To me, it was like going to Oz.”

One of the NYU
writing teachers was Ian McLellan Hunter, who won an Academy Award
for “Roman Holiday” (1953) ... a movie he didn't write. Hunter
put his name on it, as a favor to blacklisted writer Dalton Trumbo.
Later, he was briefly blacklisted himself.

McNamara would also
meet the blacklisted Waldo Salt and Ring Lardner Jr. and the briefly
blacklisted Arthur Laurents. These are men who – when blacklisting
finally ended – would write “Midnight Cowboy” (1969), “MASH”
(1970) and “The Way We Were” (1973) respectively.

Clearly, there was a
movie here, centering on the vibrantly unstoppable Trumbo. “That
sat on my shelf for 20 years,” McNamara said.

He went on to
produce TV series, starting with the critically praised “Profit,”
in 1996. He's done two Tim Daly shows (“Eyes” and “The
Fugitive”), two female-cop shows (“In Plain Sight” and the
American version of “Prime Suspect”) and more.

Then David Duchovny
took an interest in his “Aquarius” script and Cranston wanted to
do “Trumbo.” The latter was produced by Michael London ... who
had been pushing a “Magicians” series. “(Novelist) Lev Grossman
and I were sort of licking our wounds from the experience of not
getting the show made,” London said. “And John said, 'I have a
friend who worships these books more than life itself.'”

That was Gamble –
already working on “Aquarius” and a fan of the Grossman novels.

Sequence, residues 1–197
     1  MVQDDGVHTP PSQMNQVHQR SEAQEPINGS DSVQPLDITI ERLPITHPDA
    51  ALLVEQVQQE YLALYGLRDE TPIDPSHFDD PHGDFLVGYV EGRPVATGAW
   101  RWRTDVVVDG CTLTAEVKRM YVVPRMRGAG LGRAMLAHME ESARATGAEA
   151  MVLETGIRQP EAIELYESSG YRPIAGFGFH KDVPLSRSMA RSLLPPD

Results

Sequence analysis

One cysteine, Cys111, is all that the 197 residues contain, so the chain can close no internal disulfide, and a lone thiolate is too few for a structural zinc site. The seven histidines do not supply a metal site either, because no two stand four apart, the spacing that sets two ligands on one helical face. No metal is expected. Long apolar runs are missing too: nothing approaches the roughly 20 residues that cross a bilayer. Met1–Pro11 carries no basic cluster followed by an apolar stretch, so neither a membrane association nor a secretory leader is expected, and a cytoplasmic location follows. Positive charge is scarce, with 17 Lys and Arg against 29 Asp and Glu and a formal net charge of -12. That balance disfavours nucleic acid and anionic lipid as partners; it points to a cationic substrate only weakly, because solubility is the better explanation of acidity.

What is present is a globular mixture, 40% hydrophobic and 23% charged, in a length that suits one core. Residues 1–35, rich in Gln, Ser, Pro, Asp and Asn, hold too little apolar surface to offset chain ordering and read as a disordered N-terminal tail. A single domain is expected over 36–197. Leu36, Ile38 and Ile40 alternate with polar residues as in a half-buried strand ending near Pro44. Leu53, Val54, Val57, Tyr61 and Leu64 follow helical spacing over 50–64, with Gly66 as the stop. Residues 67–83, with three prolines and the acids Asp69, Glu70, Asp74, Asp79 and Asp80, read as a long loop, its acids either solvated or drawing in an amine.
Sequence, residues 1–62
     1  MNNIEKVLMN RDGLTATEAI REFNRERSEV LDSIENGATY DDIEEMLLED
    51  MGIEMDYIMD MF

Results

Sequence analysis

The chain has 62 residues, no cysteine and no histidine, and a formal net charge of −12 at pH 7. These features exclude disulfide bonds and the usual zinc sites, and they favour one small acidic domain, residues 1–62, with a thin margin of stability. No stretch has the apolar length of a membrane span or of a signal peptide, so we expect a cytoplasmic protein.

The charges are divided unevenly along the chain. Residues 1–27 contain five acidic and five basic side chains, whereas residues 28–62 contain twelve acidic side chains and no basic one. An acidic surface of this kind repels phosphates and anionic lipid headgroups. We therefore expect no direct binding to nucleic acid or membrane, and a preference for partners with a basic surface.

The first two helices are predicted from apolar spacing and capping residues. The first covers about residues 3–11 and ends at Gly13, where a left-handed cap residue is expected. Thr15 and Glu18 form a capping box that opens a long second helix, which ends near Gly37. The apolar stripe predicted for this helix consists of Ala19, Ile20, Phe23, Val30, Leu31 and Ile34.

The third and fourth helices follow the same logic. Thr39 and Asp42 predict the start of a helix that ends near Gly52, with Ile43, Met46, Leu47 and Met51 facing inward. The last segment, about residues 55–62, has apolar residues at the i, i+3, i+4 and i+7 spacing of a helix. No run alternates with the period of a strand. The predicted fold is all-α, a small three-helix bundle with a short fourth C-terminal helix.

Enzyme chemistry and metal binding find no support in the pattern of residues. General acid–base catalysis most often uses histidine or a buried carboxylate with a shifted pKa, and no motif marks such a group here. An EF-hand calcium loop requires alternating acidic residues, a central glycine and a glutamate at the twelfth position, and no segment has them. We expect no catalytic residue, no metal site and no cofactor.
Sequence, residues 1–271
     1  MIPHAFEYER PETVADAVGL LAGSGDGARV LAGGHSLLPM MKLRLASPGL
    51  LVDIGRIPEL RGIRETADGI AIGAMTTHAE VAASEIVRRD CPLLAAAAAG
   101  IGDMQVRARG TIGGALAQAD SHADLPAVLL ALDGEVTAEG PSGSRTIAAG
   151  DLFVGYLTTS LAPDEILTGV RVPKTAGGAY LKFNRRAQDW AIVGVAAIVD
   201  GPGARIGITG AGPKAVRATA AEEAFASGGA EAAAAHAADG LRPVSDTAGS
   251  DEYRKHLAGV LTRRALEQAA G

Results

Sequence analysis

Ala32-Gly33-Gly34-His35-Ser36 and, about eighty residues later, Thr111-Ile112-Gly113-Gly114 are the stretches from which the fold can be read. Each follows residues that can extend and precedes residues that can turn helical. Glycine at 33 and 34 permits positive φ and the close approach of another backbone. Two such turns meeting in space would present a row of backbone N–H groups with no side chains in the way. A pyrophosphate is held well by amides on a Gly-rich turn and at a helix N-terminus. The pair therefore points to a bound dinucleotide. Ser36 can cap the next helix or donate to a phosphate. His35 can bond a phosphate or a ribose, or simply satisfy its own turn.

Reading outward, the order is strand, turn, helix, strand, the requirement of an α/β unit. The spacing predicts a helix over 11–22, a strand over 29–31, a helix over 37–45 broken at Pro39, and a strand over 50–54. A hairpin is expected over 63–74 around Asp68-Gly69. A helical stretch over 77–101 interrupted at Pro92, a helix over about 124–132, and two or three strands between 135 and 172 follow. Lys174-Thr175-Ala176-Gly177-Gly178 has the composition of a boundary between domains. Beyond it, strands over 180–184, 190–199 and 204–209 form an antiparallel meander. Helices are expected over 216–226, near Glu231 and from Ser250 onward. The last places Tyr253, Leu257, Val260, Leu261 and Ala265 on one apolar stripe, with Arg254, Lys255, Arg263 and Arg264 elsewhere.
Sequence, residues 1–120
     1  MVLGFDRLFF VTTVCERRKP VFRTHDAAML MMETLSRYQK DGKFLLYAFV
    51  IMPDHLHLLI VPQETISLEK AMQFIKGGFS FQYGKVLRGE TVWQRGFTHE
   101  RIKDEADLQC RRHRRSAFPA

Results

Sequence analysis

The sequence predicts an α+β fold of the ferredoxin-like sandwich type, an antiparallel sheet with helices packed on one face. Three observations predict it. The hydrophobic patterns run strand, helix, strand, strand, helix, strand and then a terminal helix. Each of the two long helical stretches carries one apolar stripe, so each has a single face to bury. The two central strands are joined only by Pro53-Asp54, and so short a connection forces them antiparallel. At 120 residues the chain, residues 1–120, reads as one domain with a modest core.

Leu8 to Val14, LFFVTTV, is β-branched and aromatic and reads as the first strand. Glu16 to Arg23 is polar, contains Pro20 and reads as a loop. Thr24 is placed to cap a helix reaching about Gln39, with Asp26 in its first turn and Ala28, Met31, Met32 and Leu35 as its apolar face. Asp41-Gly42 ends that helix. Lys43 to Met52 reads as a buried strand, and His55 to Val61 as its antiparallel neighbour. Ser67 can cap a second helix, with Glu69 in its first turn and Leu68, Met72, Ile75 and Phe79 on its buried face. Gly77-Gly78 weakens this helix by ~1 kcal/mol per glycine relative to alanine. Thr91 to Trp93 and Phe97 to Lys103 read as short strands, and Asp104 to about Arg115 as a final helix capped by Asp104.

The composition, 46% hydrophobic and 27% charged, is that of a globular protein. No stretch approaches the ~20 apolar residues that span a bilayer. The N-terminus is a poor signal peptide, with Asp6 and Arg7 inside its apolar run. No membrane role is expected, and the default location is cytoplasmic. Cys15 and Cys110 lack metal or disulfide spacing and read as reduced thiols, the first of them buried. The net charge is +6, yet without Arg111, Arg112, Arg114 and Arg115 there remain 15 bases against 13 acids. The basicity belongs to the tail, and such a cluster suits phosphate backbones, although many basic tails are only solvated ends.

“It was worth it,” she said, “for John and Michael and I to
basically spend our own money, buy an option and sit in John's garage
for hours and hours and hours and write it. It's the best feeling in
the world for a writer.”

At the core of
“Magicians” is a young recluse, just realizing his magical
powers. “Quentin is a gold mine of neuroses and fears and
aspirations,” Gamble said.

Then there's his
friend Julia. Rejected by the college, she turns to rogue magic. In
the novels, her story isn't really told until the second book, via
flashbacks; in the series, it's entwined from the start.

“I think everybody
wishes that they could acquire something magical in their life,
whether it's real or not,” said Stella Maeve, who plays her.

Except, of course,
that things rarely work that way. “Magic isn't going to fix
anything,” said Olivia Taylor Dudley, who plays Alice. “Just like
in life, there's no quick fix.”

Instead, the current
episode finds naked students – including Quentin and Alice --
forced to admit truths. “Magicians” -- like “Trumbo” and
“Aquarius” ends up being about the shaky human condition.

-- “The
Magicians,” 9 p.m. Mondays, rerunning at midnight, Syfy

-- The Feb. 22
episode also reruns at 10 p.m. Wednesday and at 4:30 and 6:30 a.m.
Friday

Emerging from El Sombrero -- the world's biggest creature?